Up until the disaster of November 2008, moreover, too many Maryland conservatives still thought it was high treason politically to criticize Republican candidates or incumbents or even openly to discuss their public acts, voting, and statements.

And what about a possible electoral turn-around in 2010? Consider this scenario.  An outraged electorate hands control of the House of Representatives back to the Republicans in November 2010.  How well do you think the current House leadership will handle that possibly-last-chance-for-America opportunity?  Recall that Republican Leader John Boehner and Republican Whip Eric Cantor both voted for the bailout twice last fall — as well as supported the former president’s big-government expansion consistently. 
Both voted for No Child Left Behind, the Medicare Prescription Drug Entitlement, against free political speech in a 2006 Republican vote which George Will called “traducing the Constitution and disgracing conservatism.” As we said, both voted twice for the TARP bill last fall although one wouldn’t know it from their current ‘free enterprise’ rhetoric. At least Mr. Boehner did not join Mr. Cantor in voting this year for a punitive 90-percent tax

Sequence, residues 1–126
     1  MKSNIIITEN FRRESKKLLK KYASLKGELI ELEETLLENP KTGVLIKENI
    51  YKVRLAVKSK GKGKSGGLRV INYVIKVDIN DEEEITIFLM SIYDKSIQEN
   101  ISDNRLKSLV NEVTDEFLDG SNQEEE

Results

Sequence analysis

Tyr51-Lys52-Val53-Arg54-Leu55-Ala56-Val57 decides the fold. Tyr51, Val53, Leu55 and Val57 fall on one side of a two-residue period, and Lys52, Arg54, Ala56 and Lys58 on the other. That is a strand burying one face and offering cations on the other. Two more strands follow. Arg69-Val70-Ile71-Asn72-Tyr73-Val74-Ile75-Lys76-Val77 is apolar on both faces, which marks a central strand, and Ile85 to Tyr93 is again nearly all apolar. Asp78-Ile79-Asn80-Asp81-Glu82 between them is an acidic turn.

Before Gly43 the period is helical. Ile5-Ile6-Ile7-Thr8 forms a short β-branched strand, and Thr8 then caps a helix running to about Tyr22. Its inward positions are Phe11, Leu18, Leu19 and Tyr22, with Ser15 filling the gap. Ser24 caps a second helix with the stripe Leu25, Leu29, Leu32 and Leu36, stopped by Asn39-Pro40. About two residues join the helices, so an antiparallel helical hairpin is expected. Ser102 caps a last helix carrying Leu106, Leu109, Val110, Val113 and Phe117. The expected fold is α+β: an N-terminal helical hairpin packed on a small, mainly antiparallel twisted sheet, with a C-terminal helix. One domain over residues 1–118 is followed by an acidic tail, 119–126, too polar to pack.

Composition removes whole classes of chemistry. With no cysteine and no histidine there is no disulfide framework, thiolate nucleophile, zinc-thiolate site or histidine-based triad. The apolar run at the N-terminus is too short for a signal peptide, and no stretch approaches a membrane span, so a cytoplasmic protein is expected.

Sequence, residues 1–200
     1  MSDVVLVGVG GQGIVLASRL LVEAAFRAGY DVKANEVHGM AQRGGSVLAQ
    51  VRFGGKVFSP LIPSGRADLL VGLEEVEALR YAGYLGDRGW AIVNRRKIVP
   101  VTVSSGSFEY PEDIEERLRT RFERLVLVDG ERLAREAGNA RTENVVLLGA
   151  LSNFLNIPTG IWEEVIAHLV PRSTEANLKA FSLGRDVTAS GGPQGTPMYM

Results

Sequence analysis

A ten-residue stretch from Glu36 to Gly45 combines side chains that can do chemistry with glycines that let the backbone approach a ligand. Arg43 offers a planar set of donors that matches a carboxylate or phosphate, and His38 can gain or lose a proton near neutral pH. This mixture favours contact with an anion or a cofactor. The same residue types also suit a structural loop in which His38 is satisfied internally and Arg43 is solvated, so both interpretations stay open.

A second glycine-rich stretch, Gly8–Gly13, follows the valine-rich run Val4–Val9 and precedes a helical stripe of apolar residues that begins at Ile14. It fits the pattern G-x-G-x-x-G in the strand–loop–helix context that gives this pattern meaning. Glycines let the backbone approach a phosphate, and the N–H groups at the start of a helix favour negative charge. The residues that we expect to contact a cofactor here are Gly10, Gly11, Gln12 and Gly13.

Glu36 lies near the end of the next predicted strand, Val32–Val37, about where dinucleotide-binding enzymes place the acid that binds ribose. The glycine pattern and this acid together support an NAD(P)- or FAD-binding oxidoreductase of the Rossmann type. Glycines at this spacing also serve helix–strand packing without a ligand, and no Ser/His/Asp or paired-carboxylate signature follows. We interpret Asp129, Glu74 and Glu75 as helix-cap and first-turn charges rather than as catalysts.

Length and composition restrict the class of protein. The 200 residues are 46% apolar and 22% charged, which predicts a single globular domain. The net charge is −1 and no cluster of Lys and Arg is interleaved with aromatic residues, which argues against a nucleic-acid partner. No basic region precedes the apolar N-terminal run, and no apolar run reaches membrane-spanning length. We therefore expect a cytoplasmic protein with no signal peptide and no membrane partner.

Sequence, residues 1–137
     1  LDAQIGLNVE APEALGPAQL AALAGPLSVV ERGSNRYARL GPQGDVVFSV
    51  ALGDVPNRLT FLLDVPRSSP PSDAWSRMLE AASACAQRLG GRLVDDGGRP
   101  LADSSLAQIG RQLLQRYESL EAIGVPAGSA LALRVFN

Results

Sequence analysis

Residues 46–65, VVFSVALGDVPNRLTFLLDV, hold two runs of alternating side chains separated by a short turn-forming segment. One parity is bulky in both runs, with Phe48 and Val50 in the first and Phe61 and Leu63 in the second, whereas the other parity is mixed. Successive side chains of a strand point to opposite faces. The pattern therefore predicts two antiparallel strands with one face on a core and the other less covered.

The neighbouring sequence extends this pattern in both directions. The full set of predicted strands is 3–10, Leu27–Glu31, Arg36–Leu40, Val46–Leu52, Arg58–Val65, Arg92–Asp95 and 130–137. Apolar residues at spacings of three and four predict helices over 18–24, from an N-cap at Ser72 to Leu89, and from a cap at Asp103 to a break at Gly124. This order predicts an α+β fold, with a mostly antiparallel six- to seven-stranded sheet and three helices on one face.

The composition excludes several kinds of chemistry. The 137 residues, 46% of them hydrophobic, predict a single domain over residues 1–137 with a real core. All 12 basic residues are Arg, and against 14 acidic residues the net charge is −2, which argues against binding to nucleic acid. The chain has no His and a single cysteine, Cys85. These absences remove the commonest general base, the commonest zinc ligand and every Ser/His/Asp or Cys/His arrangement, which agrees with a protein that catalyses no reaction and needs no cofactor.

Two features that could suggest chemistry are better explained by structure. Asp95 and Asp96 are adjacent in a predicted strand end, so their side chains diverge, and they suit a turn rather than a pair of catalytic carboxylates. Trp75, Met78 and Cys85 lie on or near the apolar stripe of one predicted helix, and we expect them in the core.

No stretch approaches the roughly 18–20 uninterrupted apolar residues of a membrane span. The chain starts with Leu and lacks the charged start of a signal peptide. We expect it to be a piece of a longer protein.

Do these two men have the sound judgment to guide a Republican House?

Will conservatives nationally and locally themselves have a plan for such an unexpected opportunity and fight for it – – or will they let themselves be steamrolled by the GOP establishment-consultant complex?

What to do now?  Learn the basics of proposed legislation like consumer-choice health reform and the many dangers of cap-and-trade and the other variants of a carbon tax.  The Heritage Foundation and the Competitive Enterprise Institute and the American Enterprise Institute as well as the National Review Online’s “Corner” provide understandable facts and informed opinion in frequent postings. The proceedings and votes of the Congress are on line.  Americans have more information quickly available at home than at any time in our history.